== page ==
Every year, our officers volunteer to participate in the Ada County Sheriff's Employee Association Shop with a Sheriff event. This event is designed to unite local public safety employees with disadvantaged children for a special day of shopping. This event provides a unique opportunity for police officers and kids to interact and break down the barriers that often exist to build a better, more trusting relationship between law enforcement and children.
PUBLIC SAFETY ACADEMY
The Public Safety Academy is a ten (10) week course and is an educational experience like no other. After enrolling in the academy, citizens will learn the "ins and outs" of the Meridian Police Department and Meridian Fire Department. Topics include SWAT demonstrations, information on how detectives collect evidence, the opportunity to drive a patrol car, and so much more!
For the past three (3) years, the Consulate of Mexico and local law enforcement agencies have partnered to host an annual soccer tournament with the focus of connecting Treasure Valley's Hispanic community to domestic violence resources.
THE CONSULATE OF MEXICO SOCCER GAME
TREASURE VALLEY YOUTH SAFETY SUMMIT
Every year, the Meridian Mayor's Youth Advisory Council hosts the Treasure Valley's Youth Safety Summit at Wahooz Family Fun Zone. While it might look like all fun and games, the activities are actually focused on prevention. Each event is used as a tool to educate students on the potential consequences of their actions through various activities, like texting while driving a go-kart or attempting to play a round of mini-golf while wearing intoxicated vision goggles. In 2019, members of the School Resource Officer and Traffic teams interacted with more than two hundred (200) high school students from all over Idaho.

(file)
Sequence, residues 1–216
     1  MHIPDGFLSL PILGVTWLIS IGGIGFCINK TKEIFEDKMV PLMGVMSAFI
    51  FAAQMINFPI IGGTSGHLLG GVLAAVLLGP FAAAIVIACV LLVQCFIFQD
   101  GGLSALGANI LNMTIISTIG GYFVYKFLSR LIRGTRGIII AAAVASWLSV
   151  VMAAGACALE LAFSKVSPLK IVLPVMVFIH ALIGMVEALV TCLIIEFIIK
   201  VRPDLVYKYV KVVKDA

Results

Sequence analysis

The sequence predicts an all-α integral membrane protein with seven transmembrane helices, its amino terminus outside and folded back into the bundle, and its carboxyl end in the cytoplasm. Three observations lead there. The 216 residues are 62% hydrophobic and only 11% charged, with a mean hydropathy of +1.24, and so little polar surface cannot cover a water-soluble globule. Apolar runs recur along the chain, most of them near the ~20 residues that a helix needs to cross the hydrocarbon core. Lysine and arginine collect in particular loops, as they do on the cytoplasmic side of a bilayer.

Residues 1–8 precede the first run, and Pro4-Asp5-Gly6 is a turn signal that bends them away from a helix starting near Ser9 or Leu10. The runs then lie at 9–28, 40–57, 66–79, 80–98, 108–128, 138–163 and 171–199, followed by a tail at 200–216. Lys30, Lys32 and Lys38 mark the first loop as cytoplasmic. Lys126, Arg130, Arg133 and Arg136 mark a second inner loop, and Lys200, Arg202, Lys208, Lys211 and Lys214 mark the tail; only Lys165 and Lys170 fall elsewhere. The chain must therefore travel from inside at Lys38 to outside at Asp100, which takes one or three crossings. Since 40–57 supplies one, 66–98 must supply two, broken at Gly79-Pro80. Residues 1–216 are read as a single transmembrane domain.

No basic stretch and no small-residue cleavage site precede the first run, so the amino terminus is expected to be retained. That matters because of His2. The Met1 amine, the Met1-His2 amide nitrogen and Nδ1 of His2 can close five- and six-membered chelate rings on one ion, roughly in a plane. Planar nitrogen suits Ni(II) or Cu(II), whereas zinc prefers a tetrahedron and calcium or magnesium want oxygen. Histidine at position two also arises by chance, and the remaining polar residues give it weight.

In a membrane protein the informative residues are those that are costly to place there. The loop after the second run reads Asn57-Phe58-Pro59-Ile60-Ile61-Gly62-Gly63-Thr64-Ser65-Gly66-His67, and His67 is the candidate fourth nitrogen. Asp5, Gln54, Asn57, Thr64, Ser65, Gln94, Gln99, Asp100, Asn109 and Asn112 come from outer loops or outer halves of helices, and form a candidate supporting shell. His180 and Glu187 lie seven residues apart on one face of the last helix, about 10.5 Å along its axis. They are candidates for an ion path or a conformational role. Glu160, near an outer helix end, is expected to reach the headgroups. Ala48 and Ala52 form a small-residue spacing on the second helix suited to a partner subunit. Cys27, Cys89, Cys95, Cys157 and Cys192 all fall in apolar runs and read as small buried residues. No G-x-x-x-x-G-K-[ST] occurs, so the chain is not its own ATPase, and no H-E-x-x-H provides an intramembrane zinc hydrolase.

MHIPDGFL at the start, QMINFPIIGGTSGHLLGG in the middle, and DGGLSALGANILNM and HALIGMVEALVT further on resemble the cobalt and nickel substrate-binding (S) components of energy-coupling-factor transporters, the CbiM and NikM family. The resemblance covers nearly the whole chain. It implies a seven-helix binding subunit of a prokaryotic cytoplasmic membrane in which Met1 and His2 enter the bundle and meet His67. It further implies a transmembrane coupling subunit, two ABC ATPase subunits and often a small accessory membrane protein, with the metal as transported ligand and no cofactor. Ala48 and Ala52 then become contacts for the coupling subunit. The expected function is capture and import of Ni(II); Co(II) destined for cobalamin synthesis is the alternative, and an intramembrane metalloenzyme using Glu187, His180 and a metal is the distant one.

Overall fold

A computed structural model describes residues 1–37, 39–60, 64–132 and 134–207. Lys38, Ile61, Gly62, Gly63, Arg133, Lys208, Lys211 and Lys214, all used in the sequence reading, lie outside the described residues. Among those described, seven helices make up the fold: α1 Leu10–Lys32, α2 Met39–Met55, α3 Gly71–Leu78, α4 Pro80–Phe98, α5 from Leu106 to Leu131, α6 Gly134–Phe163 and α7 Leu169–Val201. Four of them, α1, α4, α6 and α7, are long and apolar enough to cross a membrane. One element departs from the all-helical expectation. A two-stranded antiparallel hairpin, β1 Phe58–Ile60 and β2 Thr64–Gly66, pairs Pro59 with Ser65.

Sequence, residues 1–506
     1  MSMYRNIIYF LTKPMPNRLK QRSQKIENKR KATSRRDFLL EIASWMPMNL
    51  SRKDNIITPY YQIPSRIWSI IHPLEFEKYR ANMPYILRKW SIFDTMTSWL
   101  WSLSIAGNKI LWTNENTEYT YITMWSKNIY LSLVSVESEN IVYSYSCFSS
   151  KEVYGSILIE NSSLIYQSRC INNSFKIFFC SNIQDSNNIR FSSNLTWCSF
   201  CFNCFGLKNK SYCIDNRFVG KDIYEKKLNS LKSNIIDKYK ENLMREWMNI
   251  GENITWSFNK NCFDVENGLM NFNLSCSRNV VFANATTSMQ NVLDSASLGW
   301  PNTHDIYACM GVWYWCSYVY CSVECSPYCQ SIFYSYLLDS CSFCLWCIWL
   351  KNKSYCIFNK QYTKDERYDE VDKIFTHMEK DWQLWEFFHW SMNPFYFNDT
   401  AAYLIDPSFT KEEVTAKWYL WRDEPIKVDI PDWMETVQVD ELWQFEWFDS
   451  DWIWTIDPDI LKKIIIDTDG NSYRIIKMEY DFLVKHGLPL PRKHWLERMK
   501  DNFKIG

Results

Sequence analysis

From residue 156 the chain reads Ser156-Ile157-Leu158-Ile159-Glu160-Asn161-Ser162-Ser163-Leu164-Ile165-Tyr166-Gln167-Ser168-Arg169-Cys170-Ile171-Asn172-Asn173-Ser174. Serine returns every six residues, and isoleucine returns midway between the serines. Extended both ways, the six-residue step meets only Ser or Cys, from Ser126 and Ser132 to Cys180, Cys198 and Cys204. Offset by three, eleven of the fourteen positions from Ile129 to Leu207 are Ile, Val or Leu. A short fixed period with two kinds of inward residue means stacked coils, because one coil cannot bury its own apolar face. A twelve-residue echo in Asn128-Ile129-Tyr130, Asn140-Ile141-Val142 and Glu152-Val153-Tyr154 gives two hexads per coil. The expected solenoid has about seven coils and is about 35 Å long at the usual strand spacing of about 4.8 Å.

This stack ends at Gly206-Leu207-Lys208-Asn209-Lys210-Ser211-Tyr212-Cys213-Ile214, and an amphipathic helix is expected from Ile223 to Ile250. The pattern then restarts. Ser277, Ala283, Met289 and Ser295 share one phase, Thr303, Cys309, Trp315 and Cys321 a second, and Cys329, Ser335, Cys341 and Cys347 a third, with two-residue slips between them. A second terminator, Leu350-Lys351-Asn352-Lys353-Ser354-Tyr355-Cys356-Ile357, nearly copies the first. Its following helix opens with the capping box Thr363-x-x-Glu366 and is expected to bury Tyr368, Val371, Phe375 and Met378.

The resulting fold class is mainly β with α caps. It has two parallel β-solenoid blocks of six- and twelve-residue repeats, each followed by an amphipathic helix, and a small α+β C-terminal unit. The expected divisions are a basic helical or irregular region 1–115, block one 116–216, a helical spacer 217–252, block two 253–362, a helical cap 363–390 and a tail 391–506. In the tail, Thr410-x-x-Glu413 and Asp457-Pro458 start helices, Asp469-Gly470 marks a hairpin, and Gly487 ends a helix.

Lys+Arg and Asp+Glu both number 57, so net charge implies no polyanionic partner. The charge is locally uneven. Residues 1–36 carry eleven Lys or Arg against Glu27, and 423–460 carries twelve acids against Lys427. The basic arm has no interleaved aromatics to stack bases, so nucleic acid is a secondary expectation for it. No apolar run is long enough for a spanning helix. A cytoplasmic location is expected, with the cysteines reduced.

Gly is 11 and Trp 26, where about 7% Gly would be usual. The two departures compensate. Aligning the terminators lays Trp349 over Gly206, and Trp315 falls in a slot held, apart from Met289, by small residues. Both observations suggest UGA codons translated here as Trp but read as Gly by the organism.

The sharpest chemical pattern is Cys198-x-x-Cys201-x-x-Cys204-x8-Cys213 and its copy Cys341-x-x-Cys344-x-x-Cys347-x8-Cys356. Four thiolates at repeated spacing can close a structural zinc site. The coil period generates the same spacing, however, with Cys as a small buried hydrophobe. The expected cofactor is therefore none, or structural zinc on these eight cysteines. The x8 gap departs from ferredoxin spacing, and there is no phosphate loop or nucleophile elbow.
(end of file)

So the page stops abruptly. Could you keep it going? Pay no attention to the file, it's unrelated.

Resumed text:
Every year, members from of the Meridian Police Department join together to tackle the over three (3) mile Spartan Sprint Obstacle Course race at Thomas Pence Ranch in Payette, Idaho. Described as one (1) of the more challenging sprint courses available, MPD team members must come together and support each other to successfully navigate this difficult course. The Spartan race is a fun and memorable team-building event that also serves as a friendly reminder on just how important physical fitness is for a career in law enforcement.
1401 EAST WATERTOWER STREET
MERIDIAN, IDAHO 83642
MONDAY-FRIDAY: 7:00 AM - 5:00 PM